Fun With Limpets!

By Bernie Bell

This really is just pretty much me blathering, but….it’s a thought….playing with ideas

I have a row of limpet shells on my desk…..

As my Broadband connection is wondrous slow, I while away the time waiting for things to happen by playing with my limpets – I shunt them back and forward like a train, move them around each other in a dance, stack them, balance them etc. etc.

It then occurred to me that maybe the Neolithic/Bronze Age/Iron Age children played with limpet shells too? 

Though there are many archaeological excavations in Orkney – we don’t see many objects turning up which could be considered to be toys. Maybe they were made of wood and rotted away?  I suspect the Westray Wifie ……

…….of being a toy – but those as knows might dispute that.

And maybe the ‘Nine Little Figurines’ found in Finstown???  Maybe a bit less likely – but – maybe???…..…. 

A dearth of toys at archaeology digs – but all cultures, all peoples, all over the world have toys.

Children make toys for themselves from unlikely things – bits of rubbish become horses, dollies, carts.  They are endlessly inventive as children, and grown-ups, are who don’t have much in the way of material possessions.

Even when lack of material wealth isn’t relevant, the expensive Christmas present is often ignored while the child plays with the box it arrived in – turning it into a castle.

So – limpet shells as toys?  Why not?  I get entertainment out of them. Though I am easy pleased.

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8 replies »

  1. Hi Bernie
    Enjoyed this piece! Have you read Robert Rendall’s recollection of shell games in the Orkney Shore? Sublime!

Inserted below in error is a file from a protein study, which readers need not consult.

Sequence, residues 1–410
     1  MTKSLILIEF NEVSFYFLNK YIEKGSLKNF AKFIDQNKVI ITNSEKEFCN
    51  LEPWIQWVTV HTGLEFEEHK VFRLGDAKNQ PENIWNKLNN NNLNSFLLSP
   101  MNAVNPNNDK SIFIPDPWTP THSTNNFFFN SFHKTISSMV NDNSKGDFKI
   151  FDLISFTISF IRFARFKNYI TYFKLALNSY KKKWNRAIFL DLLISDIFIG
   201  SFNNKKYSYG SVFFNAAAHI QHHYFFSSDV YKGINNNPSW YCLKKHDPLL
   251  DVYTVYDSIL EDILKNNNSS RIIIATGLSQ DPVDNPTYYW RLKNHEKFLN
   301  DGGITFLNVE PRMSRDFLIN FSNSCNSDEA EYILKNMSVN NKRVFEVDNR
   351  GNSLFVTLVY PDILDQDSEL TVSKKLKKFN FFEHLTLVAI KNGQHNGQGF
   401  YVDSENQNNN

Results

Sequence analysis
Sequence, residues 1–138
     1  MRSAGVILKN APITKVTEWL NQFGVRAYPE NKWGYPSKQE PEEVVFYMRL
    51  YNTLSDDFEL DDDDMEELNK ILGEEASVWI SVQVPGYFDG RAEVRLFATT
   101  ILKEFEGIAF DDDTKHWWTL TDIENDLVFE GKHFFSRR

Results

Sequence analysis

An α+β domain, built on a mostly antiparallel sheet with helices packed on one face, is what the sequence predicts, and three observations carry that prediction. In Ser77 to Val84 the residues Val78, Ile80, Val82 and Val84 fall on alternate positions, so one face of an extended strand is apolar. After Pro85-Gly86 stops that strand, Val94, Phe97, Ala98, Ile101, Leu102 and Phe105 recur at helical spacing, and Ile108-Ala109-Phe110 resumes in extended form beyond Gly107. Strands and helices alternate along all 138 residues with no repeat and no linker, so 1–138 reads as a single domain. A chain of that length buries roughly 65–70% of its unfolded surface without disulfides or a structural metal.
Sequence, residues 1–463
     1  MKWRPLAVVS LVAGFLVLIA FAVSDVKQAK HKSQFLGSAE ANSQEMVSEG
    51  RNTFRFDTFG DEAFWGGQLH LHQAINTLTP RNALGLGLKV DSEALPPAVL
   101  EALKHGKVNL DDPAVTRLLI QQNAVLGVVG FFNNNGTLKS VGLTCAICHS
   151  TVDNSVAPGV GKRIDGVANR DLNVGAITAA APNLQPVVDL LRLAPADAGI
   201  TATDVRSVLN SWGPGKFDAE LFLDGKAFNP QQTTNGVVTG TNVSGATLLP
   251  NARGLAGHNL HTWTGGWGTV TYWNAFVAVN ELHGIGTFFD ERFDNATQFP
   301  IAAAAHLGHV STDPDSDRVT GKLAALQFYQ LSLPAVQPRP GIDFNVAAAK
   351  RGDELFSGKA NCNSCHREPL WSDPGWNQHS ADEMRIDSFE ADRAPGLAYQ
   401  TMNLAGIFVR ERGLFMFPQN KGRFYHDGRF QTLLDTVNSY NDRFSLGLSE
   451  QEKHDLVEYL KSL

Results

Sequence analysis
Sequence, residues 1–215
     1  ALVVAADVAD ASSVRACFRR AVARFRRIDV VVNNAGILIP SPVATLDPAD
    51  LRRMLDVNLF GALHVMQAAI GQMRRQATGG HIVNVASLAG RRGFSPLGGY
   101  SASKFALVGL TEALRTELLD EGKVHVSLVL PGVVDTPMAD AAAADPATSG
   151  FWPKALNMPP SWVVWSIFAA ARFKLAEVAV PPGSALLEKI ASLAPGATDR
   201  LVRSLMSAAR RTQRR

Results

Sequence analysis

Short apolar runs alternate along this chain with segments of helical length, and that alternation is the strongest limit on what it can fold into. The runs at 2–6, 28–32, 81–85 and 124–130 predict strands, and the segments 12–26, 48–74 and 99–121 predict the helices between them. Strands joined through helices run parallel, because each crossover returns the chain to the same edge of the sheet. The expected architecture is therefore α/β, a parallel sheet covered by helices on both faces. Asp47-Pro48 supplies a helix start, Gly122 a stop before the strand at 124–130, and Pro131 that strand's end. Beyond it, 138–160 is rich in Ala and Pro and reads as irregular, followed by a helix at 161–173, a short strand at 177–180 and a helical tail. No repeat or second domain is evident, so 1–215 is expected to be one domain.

2. Thank you Eoin!

    I found this……

    …and can imagine the children of times past – either near or far – playing the games – using stones to make walls and ‘play at farms’ as we used to as children. I’m not sure if children do so now – I get the impression it’s mostly dinosaurs these days – fair enough.

    And…and…and…the spiral shell drawing at the end by Robert Rendall…….I have a liking for spirals….….


    • RR was very influenced by D’arcy Wentworth Thompson’s ideas on pattern and form;I think they may have corresponded or met when Wentworth Thomson called in at Kirkwall.

      • Howie (Firth) tells me…..

        “Robert Rendall’s book Orkney Shore is beautiful, with a wonderful mixture of information and stories and insights, and in one chapter he describes some of the ideas about mathematical patterns in shells that are in D’Arcy Thompson’s book On Growth and Form.”

        Another one to read!

    • “Growth and Form” in its original format is pretty daunting but I think the one volume synopsis is still in print and worth looking at. Orkney Library may have a copy.

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